Sunday 5 March 2023

REVIEW: Knock at the Cabin (2023) Starring Dave Bautista, Jonathan Groff, Ben Aldridge, Kristen Cui and Rupert Grint

Review by Jon Donnis
Of all the wrestlers turned actors, Dave Bautista has firmly cemented himself as the most versatile. So whenever I see his name attached to a film, I am interested in checking it out.

"Knock at the Cabin" is the latest film from M. Night Shyamalan, and as you would expect, it is a bit strange. Based on the 2018 novel "The Cabin at the End of the World" by Paul G. Tremblay, the film takes place in a remote cabin in the rural Pennsylvania woods, where Eric (Jonathan Groff) and Andrew (Ben Aldridge) are vacationing with their seven-year-old daughter, Wen (Kristen Cui). While playing outside, Wen encounters a stranger named Leonard (Dave Bautista), who claims to need the family's help to save the world. However, Wen soon becomes suspicious when three other people arrive, armed with makeshift weapons. She runs back to her fathers to warn them, but it's too late. The group breaks into the cabin and ties up the family, injuring Eric in the process.

Leonard and his companions, Sabrina (Nikki Amuka-Bird), Adriane (Abby Quinn), and Redmond (Rupert Grint), explain that they've been driven by visions and an unknown force to find the family. They believe that an apocalypse is imminent, and that the only way to prevent it is for the family to sacrifice one of their own. Eric and Andrew are skeptical and suspect that the group is motivated by delusion and hate.

Despite the family's refusal to make a choice, the visitors proceed to sacrifice Redmond by beating him to death with their weapons. The family is left traumatized and struggling to make sense of the inexplicable violence that has been inflicted upon them.

The film will keep you guessing as to whether everything they are being told and ultimately shown is real or just a big hoax. You only get confirmation of the truth towards the end of the film. There is no big twist at the end, which is a shame, but the film does deliver on most of its premise. Although advertised as an apocalyptic psychological horror film, it is not particularly scary and would not be considered a horror.

Anytime you hear the word "apocalypse" in a film, you know you will get some Bible references. When the main characters are a gay couple who adopted an Asian child, you might find yourself questioning everything by the time the film ends.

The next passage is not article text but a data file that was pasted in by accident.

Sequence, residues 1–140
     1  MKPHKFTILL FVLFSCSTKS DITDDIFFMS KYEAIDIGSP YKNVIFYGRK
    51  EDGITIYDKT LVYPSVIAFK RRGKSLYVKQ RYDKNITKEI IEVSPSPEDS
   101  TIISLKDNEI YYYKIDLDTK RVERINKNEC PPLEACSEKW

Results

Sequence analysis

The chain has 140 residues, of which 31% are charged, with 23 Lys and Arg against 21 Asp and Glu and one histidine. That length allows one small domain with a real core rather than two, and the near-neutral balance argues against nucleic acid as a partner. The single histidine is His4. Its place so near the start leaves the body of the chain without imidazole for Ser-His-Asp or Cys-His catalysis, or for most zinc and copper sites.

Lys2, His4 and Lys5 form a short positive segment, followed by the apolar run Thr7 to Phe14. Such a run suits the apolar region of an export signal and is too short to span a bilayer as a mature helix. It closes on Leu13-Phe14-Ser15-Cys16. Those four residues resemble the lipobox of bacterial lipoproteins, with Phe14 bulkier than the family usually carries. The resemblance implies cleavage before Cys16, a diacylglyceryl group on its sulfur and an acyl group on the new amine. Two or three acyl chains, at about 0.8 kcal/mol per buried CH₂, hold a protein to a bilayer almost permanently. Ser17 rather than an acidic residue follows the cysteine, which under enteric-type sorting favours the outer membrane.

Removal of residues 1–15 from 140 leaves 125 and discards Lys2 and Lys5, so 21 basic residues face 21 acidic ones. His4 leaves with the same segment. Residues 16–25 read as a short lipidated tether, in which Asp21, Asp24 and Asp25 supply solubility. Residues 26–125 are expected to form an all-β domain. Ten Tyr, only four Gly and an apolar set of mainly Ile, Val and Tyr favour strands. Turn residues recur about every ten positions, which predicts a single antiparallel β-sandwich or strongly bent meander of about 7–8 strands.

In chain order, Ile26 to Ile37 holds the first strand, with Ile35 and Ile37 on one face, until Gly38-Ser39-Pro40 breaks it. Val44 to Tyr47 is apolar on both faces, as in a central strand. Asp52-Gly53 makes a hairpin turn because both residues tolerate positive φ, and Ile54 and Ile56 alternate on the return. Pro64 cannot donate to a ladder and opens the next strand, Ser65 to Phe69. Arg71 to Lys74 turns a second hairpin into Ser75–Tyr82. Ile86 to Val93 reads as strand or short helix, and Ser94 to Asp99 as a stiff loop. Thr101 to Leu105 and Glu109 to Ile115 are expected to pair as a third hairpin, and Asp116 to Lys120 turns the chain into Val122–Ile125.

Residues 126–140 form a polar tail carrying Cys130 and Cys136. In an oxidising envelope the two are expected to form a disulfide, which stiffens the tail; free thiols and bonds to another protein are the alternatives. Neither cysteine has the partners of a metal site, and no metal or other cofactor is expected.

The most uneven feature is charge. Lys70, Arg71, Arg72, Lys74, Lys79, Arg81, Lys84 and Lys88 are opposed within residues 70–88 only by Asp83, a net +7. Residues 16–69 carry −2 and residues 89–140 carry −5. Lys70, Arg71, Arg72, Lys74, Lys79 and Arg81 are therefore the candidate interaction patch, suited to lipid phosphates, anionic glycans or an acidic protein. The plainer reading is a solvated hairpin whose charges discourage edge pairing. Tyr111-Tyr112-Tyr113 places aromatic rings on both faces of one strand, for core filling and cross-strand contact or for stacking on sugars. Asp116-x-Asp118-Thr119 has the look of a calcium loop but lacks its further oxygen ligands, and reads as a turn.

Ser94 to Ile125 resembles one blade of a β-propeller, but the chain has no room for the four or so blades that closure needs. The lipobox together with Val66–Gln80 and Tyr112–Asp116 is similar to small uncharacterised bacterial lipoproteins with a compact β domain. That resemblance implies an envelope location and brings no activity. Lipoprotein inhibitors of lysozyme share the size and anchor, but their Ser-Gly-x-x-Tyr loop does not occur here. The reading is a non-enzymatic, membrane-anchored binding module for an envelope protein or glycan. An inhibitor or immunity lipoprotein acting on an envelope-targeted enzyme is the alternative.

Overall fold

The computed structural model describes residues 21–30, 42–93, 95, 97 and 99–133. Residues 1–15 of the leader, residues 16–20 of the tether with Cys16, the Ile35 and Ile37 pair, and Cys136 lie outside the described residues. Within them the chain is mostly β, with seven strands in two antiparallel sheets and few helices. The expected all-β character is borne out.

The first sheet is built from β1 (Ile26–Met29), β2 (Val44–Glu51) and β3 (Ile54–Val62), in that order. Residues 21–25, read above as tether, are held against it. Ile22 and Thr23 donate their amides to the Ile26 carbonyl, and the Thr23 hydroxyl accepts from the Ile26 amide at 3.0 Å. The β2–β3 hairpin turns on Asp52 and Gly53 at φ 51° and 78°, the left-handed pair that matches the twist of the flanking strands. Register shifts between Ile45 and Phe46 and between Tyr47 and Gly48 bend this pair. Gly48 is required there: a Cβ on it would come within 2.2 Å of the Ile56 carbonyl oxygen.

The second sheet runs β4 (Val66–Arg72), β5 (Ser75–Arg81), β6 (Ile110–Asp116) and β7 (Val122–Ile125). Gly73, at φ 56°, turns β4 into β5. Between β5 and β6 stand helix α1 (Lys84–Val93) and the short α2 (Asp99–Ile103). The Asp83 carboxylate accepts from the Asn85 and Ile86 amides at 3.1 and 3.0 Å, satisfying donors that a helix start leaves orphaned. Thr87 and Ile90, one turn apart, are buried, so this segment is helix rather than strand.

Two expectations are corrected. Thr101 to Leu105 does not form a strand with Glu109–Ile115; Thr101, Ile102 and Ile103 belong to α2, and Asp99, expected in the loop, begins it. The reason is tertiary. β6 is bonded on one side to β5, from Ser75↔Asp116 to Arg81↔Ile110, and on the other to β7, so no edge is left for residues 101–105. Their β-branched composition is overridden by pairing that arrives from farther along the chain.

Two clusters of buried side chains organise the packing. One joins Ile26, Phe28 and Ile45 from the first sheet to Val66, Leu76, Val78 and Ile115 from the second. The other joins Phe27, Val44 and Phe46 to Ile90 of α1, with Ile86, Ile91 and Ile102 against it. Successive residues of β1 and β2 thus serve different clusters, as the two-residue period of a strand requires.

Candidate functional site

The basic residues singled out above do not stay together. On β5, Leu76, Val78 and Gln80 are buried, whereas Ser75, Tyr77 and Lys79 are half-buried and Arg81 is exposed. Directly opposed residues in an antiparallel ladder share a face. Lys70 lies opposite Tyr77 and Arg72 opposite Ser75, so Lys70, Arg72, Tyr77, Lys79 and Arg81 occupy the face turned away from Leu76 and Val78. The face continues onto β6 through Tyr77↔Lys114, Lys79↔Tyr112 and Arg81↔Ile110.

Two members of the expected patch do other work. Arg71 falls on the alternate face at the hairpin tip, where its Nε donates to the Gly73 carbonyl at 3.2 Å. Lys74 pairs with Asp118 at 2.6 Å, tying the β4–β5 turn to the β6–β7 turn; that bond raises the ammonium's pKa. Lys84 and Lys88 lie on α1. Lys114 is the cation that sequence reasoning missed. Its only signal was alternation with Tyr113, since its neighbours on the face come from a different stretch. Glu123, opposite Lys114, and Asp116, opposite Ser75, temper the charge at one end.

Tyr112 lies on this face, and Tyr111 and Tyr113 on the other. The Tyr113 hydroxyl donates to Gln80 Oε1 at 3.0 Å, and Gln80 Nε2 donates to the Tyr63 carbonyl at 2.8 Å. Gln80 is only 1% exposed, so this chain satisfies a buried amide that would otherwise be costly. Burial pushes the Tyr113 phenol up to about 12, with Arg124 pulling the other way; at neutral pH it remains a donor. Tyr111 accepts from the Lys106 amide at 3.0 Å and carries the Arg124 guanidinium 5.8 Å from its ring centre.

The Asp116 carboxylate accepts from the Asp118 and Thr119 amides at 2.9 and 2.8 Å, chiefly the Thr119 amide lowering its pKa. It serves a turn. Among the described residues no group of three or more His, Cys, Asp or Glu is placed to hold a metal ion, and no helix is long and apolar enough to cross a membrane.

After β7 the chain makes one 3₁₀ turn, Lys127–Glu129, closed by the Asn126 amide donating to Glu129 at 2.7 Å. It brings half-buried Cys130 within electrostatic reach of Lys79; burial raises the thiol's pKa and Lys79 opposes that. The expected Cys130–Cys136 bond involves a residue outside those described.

Luckily, the film does not go on too long and runs for about 94 minutes.

Dave Bautista is excellent as the leader of the group, who is trying to get the couple to make a decision. He never fails to show his range as an actor and is totally convincing as the family man coach who is facing an impossible situation. Special mention also goes to Kristen Cui, who plays the young child Wen. She is an excellent actress and has a big future ahead of her. The rest of the characters do suffer a little by not having enough time to flesh out who they really are. Some effort is made with the Eric and Andrew characters, but they come across as stereotypical and bland, making it hard to care for either one. Luckily, the Wen character does make you care.

The Good
M. Night Shyamalan has released some absolute stinkers in recent years, luckily this is not one of them, in fact this is one of his better films, I would put it down mainly to the very strong performances of Dave Bautista and Kristen Cui. An interesting story, and a nice run time help this film keep you interested throughout.

The Bad
I really wanted a big twist at the end, but we just dont get it. I think it does run a litle long, they could easily shave 10 minutes off the run time.

A decent film with a somewhat sbiblical storyline. If you are a fan of M. Night Shyamalan and his genre of storytelling then you will like this film.

Dave Bautista carries the film in many ways, which is never a bad thing.

I score Knock at the Cabin a decent 7.5 out of 10.

Out now in UK Cinemas and coming soon to digital at and on Bluray and DVD at